I recall speaking at the 2003 North East Fraud Forum conference that heralded the introduction of the 2002 Proceeds of Crime Act. Since then confiscations under this legislation have become commonplace and there is usually a money laundering aspect to every criminal defence case that I take on.
Dealing with Proceeds of Crime
You would think that so many years later that confiscation proceedings would have become more streamlined, providing an essential and substantial source of self financing work for the authorities. It is true that there appears to be an increasing number of well presented S16 Statements of Information compared to the early days, but in a lot of cases I see the same old mistakes being made, the same application of inappropriate investigator experience and lack of evidence. I wonder if it is the case that the accredited investigator always has his or her fingers crossed in the hope that the defence does not appoint a competent forensic accountant to the team.
Over the years I have seen the profile of my work portfolio change, taking on more high value and complex frauds, many of which are HMRC prosecutions for tax evasion. This is entirely within the business planning model for my firm, not least because, as is the case for my legal colleagues, private paying work is generally more lucrative than the ridiculously low rates paid for publicly funded confiscations. However, I still actively seek confiscation assignments for a number of reasons.
The challenge is to present a balanced picture of criminal benefit
Firstly, with experience the work can be approached very efficiently, little time is wasted on spurious avenues and resources can be focused on the areas that matter. Secondly, and most importantly in my view, it is the challenge. I see the role of a defence forensic accountant as that of a moderator within the system. We are impartial and so we must apportion the wealth obtained by a person who has been convicted fairly, between that which has been legitimately obtained and his proceeds of crime. This challenge can be difficult and exciting, and is markedly different to the Crown’s financial investigation that comes up with a starting point that often designates most wealth to illegitimate sources.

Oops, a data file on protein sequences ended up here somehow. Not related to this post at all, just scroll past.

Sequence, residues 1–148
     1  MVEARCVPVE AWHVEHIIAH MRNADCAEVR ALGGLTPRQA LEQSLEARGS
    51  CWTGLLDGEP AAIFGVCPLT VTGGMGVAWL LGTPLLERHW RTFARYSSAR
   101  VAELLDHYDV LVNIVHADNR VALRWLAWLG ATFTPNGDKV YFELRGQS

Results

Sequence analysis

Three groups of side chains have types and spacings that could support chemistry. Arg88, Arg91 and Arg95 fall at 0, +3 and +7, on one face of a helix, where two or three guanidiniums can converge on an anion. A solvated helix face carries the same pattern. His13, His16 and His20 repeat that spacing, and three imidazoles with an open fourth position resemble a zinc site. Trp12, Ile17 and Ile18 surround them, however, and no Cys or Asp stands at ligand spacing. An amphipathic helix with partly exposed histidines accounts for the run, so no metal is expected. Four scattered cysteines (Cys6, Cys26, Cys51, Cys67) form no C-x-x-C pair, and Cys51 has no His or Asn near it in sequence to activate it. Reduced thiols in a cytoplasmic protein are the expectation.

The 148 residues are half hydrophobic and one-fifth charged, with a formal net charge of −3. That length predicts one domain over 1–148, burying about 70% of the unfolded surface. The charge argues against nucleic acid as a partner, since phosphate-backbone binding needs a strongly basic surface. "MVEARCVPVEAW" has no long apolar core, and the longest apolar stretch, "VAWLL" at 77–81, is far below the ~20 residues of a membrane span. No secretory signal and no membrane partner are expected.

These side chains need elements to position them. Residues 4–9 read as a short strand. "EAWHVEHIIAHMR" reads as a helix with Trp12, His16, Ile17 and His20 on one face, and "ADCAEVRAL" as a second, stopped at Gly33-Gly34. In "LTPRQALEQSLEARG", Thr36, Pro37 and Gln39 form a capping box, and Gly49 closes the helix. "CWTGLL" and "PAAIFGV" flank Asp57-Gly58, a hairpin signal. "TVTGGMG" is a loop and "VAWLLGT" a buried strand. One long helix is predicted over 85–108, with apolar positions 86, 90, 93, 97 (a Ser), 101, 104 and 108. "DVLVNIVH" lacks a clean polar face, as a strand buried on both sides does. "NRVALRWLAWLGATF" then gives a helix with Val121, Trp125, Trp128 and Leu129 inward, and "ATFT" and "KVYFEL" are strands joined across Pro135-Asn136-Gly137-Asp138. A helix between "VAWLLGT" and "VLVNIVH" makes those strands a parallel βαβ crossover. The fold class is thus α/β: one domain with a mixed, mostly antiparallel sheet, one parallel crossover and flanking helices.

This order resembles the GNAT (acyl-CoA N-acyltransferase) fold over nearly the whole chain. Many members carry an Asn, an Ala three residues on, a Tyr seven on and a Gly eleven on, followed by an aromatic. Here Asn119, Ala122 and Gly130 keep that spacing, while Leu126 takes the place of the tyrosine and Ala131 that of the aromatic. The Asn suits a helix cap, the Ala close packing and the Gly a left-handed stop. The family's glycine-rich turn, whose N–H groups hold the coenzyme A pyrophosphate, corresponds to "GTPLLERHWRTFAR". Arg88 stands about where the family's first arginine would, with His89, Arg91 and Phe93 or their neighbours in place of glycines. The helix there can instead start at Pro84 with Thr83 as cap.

When presented with the S16 Statement, you can be almost certain that the allegations of the amount of wealth obtained by the defendant are inflated beyond what is reasonable. This is because POCA 2002 legislation allows the prosecutor to make assumptions. Although the assumptions should be based on reasonable premises, sometimes they are not, and it is up to the defence accountant to challenge them. However, the challenge must be supported.
I believe that the Crown’s approach is to start as high as possible because they know the defence will try to bring the alleged sums of benefit down.
Confiscation proceedings – a negotiated settlement
I actually disagree with this approach, which is akin to bartering a person’s worldly possessions in the market. Both parties start miles apart and meet in the middle! This is wrong because the whole point of the POCA legislation was to remove the wealth that had been earned from criminal activity. The provisions have sometimes been called “Draconian” because they were intended to make it easier to confiscate the wealth accrued by drug barons and career criminals, not as an extra punishment for petty thieves who had lost their way at some point.
I try to get to the correct position, and if the Crown started at this point I would be more than happy to simply endorse their work. This does happen, and it is why I am often instructed to clarify a situation so that a defendant can understand why he has to pay back the amount he is being asked to – or why in predicate cases it would be in his best interest to plead guilty.
So while the prosecution and the defence team spend the time trying to strike a bargain, the forensic accountant strives to unpick the problem and present a balanced case. There is no doubt that in the vast majority of cases this can lead to a preferable outcome for a defendant.